I’ve been reading Julia Child’s My Life in France and the difficulties she faced trying to publish Mastering the Art of French Cooking. In 1959, when Houghton Mifflin finally passed on the book, and before Knopf picked it up, Julia read a note from her champion at Houghton who explained the rejection, “They feel [the average housewife] wants ‘shortcuts to something equivalent’ instead of the perfect process to the absolute.”
America’s culture has changed a lot since then, but anyone who reads Simone de Beauvoir’s 1947 America Day by Day will be struck by how much has remained consistent. The business instincts of the Houghton execs remains somewhat true today if Rachel Ray’s empire is any evidence. Thankfully, there is room for more ambitious efforts, as Julia Child and Simone Beck proved and as new author/chefs continue to show; a recent example is Paul Bertolli’s almost literary Cooking by Hand.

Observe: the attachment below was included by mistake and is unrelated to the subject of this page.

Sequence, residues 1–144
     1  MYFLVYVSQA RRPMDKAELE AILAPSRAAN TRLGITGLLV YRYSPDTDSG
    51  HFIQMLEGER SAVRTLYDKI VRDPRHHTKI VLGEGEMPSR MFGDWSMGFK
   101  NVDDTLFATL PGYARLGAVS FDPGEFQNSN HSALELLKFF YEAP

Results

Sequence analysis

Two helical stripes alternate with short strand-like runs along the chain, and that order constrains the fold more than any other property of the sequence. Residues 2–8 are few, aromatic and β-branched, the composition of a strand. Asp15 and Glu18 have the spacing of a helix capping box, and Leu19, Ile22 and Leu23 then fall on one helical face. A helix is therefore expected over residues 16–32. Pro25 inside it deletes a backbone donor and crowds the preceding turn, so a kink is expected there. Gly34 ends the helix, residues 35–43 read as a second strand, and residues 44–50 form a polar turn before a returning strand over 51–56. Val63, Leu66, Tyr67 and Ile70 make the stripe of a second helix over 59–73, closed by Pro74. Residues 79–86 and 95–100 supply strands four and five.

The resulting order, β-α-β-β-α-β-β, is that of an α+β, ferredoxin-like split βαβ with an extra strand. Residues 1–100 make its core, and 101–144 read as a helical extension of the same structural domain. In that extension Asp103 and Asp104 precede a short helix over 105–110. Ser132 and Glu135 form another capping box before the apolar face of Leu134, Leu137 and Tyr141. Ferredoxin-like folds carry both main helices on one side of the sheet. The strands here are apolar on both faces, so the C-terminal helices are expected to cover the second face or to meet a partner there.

Ratatouille strikes me as a perfect dish to highlight the merits of the two mindsets (and there are indeed merits to both). Sometimes I will throw together a ratatouille very quickly, let all the components stew together for a while unaided, and enjoy a perfectly good rendition. However, with a little more effort and time, you can take the dish to a different level entirely.
On Friday evening, after picking up some lovely fresh vegetables from the local farm, I rolled up my sleeves and put together an adaptation of Lulu Peyraud’s ratatouille from Richard Olney’s cookbook Lulu’s Provencal Table. It is considerably more involved than my usual, but the result, which we ate the next evening, was the sweetest, most delicious ratatouille I have had in a long while.